P Chidambaram on GST: It's no tryst with destiny, there was no need for a midnight celebration
The seven, or possibly more, rates are a mockery of the current GST regime, says former finance minister P Chidambaram
The roll out of Goods and Services Tax (GST), India’s biggest tax reform since independence, has begun in Asia’s third largest economy, giving hopes to 125 crore Indians that the country has taken another convincing step to move to higher growth orbit.
The GST was originally promised to replace a host of other taxes by the central and states governments and create a single tax economy. It attempted to replace a series of origin based taxes with a destination based tax. But, in reality, there are multiple rates even now (about eight) and some state governments like Maharashtra and Tamil Nadu have begun to impose additional levies on certain industries above the agreed GST rate. This has cast doubts on the ultimate fate of India’s GST journey. Not surprisingly, it has also broken the political consensus between the Modi government and major opposition parties about the grand tax reform.
The Congress party, a key member in the opposition side, has been attacking the Modi government for rushing with an imperfect GST and harming the small businesses in the process. The party refused to participate in the midnight launch of GST on Friday night, along with a few other opposition parties. Congress has termed the GST as a ‘half-baked idea’.
In a conversation with Firstpost, P Chidambaram, former Union Finance Minister, said the current GST structure is a mockery of the originally envisaged tax reform. Here is the edited excerpts of the short interview:
What was the Congress party’s views on GST towards the end of roll out?
A 'single' GST rate means a Standard rate as well as a Standard plus (on demerit goods) and a Standard minus (on merit goods). Some goods and services will also be totally exempt. This is the GST that we had visualised. Yashwant Sinhaa, a key union minister under Atal Bihari Vajpayee's government, has also confirmed that this was the GST we should have designed and implemented.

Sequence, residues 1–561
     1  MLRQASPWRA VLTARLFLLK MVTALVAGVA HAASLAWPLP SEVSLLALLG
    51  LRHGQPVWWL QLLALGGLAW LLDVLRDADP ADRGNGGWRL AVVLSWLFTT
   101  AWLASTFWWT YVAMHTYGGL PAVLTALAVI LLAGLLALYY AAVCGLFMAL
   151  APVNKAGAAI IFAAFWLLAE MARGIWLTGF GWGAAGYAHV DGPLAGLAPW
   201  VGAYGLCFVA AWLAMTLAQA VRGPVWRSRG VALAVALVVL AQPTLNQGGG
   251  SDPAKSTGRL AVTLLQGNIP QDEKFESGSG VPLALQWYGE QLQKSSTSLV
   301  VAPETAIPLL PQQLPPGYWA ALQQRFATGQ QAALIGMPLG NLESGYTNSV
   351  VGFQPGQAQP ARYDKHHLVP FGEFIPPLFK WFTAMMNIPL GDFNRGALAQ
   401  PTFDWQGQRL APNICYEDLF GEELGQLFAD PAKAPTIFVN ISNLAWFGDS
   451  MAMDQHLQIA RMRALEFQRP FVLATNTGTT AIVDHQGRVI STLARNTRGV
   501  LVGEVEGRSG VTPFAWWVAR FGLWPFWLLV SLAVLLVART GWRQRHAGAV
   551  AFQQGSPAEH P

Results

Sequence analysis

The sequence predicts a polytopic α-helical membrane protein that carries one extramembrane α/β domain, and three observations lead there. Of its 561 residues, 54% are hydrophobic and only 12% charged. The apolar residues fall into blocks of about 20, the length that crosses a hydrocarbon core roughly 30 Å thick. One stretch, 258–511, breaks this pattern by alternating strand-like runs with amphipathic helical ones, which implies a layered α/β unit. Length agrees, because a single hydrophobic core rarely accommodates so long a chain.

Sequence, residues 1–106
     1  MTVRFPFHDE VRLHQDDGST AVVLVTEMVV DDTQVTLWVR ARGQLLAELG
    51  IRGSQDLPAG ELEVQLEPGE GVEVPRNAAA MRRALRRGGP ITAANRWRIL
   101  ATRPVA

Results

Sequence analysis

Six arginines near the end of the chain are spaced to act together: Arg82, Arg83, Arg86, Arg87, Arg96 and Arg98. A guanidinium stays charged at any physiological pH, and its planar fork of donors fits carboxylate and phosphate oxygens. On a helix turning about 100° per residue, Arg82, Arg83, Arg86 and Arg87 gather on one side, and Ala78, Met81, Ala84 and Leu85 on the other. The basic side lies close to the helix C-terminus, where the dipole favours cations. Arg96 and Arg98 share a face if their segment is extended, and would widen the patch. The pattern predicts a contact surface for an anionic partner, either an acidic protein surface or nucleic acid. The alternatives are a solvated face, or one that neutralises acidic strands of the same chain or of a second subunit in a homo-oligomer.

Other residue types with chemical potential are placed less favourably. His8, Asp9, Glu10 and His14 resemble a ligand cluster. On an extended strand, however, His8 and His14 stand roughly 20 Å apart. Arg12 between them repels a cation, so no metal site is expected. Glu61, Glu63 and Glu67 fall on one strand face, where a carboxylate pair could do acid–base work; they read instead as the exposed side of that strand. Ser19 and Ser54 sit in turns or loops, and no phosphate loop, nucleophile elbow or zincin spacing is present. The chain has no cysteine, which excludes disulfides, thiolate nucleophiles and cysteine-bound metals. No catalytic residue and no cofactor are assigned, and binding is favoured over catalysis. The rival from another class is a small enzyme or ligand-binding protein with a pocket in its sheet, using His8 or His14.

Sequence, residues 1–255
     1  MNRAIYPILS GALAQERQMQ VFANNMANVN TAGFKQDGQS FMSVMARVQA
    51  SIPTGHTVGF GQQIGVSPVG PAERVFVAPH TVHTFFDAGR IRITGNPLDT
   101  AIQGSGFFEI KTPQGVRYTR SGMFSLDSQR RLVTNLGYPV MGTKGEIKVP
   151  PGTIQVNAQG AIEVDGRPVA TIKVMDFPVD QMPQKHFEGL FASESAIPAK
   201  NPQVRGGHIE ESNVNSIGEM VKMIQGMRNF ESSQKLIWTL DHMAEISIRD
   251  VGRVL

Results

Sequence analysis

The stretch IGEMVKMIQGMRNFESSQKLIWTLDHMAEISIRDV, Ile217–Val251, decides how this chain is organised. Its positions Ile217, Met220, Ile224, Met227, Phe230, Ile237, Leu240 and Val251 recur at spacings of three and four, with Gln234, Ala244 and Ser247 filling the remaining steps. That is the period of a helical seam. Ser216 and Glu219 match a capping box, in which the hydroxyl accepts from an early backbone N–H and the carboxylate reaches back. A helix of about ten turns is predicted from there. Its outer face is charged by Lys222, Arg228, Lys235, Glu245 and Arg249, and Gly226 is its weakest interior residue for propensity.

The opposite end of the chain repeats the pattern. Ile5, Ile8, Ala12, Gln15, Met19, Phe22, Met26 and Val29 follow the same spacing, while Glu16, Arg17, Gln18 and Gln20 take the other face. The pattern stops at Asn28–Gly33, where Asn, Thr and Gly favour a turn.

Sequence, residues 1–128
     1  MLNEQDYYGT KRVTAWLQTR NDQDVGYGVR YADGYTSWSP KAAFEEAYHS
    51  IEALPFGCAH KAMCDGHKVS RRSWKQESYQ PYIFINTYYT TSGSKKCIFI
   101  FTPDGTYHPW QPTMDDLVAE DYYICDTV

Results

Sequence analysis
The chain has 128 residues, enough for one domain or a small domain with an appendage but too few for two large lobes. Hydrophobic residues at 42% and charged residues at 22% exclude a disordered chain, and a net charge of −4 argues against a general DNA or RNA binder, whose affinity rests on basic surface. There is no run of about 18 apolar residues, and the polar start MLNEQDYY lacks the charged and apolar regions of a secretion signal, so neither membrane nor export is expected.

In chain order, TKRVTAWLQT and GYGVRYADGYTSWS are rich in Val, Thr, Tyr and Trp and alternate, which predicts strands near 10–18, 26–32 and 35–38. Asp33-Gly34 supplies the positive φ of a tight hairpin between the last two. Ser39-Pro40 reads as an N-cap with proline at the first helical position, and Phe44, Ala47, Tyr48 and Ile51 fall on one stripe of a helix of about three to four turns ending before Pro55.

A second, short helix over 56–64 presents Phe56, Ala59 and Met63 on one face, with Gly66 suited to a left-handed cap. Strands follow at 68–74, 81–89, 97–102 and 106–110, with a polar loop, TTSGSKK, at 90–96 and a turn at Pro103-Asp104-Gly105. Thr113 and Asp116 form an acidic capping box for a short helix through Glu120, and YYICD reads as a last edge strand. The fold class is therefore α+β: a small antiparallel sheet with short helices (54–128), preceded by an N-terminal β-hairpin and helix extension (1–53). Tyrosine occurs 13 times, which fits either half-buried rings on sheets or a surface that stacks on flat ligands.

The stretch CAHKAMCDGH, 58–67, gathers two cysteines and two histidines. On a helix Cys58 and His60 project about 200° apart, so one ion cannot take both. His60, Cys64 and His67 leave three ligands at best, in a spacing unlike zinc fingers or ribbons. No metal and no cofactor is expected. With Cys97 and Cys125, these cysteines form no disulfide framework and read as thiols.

You have already discarded the GST in its current form as an imperfect one.
The seven, or possibly more, rates are a mockery of the current GST regime. When we have rates like 0.25, 3, 5, 12, 18, 28 and 40 percent and possibly more because of the discretion vested with state governments, how can we call this 'One Nation, One Tax' regime? The central government should have engaged the leaders of the political parties to forge a consensus on three rates; it failed to do so.
But, even the Congress government would have found it difficult to implement a single-rate GST. Do you agree?
A Congress-led government would have certainly worked toward a single rate (with three variations). Further more, we would have capped GST at 18 percent. That was eminently feasible. The Chief Economic Adviser to this government had clearly recommended a GST of 15-15.5 percent and demonstrated that it was a revenue neutral rate. If that report is correct, why did the government go in for rates like 28 percent and 40 percent?
The midnight roll out of GST on Friday in Parliament has been compared with the historic 'tryst with destiny' moment.
The Tryst with Destiny was a defining moment in the history of this ancient country. Nothing can be compared with that midnight hour. GST is a partial reform of indirect taxes. It will undergo many radical changes. It is simply a stop on a long journey. There was no need for a midnight celebration.
How would you have done it as FM?
The date could have been marked as a business-like session during the day on 1 July. That is why I described the midnight event not as another tryst with destiny but as a Tryst with Destination Tax!
What will be the Congress party’s approach going ahead on GST?
The Congress party will watch the roll out of GST closely. We will continue to articulate the fears and grievances of small and medium businesses, multi-state businesses and consumers. We will press for a reduction in rates. We will highlight the features of a true GST. We will demand a cap of 18 percent.
There is an anti-profiteering authority in place. Any concerns?
We will keep a vigil over the possible misuse of the draconian powers given to the Anti-profiteering Authority. We will hold meetings and conferences to emphasise that the Congress was the original proponent of GST, and we will support a true GST that was designed and advised by tax experts like Vijay Kelkar and Parthasarathi Shome.